Dogs respond to classical and operant conditioning. Simply put, classical conditioning is responsible for involuntary responses, e.g. a dog salivating when dinner is served, while operant conditioning is responsible for voluntary responses, e.g. a dog sitting for a treat.
Classical conditioning can be useful in giving positive associations to potentially negative objects (e.g. muzzle, nail clipper/grinder, harness). For example, if we show our dog a muzzle before the start of dinner each night, he will start to associate the muzzle with dinner. Since every time he sees the muzzle, he gets dinner; he may start to salivate when he sees the muzzle, because food is likely on the way.
Based on operant conditioning, there are two classes of techniques for shaping a dog’s voluntary behavior, reward dog training (positive reinforcement, negative punishment) and aversive dog training (negative reinforcement, positive punishment).
Operant conditioning techniques are what we mostly use today to stop bad dog behavior, as well as to train them to do tricks and commands.
How Dogs Learn – Operant Conditioning
Based on operant conditioning principles, we can change a dog’s behavior by adding or taking away a reward stimulus; or we can change a dog’s behavior by adding or taking away an aversive stimulus.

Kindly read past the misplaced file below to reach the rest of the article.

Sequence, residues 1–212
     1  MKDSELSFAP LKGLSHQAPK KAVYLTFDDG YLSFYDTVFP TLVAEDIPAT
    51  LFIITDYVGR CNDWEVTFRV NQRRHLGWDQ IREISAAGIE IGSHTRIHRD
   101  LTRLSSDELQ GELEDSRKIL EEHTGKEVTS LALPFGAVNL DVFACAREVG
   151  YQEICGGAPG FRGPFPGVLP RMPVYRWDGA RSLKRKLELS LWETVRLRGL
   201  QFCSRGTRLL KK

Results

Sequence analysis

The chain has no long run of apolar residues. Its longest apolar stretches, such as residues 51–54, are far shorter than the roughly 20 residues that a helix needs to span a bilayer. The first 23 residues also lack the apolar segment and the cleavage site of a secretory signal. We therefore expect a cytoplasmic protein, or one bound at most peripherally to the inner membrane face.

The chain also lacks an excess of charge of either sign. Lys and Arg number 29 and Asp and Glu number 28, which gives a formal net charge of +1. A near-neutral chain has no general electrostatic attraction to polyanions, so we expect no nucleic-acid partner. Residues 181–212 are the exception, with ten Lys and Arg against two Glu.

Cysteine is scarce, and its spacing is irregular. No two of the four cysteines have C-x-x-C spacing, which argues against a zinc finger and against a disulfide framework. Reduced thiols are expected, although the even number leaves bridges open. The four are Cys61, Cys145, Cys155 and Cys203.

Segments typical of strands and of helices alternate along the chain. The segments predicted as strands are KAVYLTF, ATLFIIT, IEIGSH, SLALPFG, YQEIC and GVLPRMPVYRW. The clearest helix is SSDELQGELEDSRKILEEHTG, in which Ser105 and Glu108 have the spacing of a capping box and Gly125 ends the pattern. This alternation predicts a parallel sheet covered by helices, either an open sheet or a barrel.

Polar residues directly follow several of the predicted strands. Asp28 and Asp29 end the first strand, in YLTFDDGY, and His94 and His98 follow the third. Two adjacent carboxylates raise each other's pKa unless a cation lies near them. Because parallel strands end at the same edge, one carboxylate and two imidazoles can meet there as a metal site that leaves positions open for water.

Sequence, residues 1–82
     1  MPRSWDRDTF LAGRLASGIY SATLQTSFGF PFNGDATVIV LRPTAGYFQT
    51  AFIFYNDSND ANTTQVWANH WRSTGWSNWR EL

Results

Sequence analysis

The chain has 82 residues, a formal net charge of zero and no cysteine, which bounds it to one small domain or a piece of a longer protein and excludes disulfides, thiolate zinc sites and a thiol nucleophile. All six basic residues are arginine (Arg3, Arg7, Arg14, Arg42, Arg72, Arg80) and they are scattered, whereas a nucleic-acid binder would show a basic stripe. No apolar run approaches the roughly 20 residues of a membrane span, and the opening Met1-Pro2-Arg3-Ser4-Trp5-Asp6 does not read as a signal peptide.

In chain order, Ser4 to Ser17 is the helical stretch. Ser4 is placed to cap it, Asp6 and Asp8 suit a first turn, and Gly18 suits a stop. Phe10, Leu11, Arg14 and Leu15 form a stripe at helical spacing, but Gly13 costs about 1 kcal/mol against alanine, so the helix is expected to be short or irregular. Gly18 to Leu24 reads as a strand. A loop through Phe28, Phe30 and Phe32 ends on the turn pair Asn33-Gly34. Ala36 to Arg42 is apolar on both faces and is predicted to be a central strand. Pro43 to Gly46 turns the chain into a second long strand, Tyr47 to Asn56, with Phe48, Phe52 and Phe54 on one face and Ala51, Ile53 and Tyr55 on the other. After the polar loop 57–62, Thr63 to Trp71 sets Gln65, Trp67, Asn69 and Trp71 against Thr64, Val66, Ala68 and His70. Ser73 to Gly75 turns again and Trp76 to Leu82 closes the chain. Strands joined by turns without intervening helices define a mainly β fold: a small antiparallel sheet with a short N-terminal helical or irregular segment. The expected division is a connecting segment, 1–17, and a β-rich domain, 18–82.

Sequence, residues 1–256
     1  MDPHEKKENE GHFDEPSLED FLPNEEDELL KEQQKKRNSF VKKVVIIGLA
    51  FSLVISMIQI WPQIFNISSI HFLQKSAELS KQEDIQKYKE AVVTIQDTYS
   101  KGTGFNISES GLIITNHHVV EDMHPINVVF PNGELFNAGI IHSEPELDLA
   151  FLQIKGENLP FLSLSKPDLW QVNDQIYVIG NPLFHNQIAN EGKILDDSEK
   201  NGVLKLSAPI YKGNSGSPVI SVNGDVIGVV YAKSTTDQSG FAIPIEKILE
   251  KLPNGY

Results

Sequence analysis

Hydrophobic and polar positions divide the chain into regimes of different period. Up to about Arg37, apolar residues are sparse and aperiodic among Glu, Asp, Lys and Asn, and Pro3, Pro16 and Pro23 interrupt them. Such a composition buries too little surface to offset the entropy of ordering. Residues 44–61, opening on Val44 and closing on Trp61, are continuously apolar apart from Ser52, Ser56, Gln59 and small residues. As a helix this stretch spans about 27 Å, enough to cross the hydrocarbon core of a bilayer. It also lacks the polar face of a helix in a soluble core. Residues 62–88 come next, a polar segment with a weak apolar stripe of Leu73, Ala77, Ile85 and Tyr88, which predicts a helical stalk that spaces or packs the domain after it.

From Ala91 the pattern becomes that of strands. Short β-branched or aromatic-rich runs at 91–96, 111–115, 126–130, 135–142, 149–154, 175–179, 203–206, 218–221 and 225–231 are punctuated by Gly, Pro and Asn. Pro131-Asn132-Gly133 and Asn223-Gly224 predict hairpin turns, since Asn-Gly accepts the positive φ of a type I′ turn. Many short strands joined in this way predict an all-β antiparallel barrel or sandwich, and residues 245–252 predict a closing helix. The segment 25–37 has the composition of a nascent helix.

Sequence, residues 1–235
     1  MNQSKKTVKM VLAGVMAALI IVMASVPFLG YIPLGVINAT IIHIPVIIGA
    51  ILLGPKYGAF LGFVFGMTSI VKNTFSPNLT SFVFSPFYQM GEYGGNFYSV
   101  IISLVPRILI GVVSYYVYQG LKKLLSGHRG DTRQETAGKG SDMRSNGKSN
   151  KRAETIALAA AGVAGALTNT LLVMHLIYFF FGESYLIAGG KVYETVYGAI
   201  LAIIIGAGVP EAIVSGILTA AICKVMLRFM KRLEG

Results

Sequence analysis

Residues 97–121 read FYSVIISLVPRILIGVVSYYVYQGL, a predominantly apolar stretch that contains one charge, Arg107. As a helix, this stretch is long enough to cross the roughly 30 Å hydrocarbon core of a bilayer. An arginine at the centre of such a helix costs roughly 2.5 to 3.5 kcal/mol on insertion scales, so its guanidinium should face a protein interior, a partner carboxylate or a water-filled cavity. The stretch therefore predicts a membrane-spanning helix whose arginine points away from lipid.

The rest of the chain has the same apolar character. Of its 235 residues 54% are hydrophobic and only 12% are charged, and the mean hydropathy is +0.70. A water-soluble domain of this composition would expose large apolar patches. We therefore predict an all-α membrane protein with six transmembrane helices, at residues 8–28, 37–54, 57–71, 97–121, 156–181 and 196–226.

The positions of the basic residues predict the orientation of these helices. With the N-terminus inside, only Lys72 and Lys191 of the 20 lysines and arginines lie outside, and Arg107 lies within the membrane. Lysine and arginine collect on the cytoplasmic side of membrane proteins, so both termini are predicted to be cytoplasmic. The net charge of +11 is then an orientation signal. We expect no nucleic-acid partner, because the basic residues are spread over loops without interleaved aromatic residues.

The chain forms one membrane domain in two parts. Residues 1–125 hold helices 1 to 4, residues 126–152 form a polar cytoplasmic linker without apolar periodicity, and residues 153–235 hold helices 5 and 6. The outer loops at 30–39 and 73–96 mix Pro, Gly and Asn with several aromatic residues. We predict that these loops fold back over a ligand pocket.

A reward stimulus can be food, or it can be a variety of other things including toys, freedom to roam, walks, play, and much more. Similarly, an aversive stimulus can be a collar correction, an electric shock, a slap on the muzzle, a finger jab, an unpleasant sound, and much more.
Different stimuli will have different results on learning depending on the temperament of the dog, the temperament of the trainer, the type of dog, the environment, the trigger event, how the stimulus is applied, and a variety of other factors. Some dogs are food focused which means that food will be effective at training good behaviors and stopping bad behaviors. Similarly, some dogs will wilt with just a stern word, while others will turn around and bite when jabbed by a foot or a finger.
How and what a dog learns is also highly dependent on timing (when a stimulus is applied), and frequency (how often a stimulus is applied). Generally, we want to apply the reward or aversive stimulus as close to the target behavior as possible. Operant conditioning studies also tell us that we do not want to over-correct our dog. If we apply an aversive stimulus too frequently, our dog will get habituated to it and it will no longer be effective.
Similarly, we do not want to reward our dog too frequently, or he may learn to expect a reward every time, and not be motivated to give his best effort.
How We Think and How We Learn
Bad dog behavior relates to how our dogs think and learn, but it also relates to how we think and learn.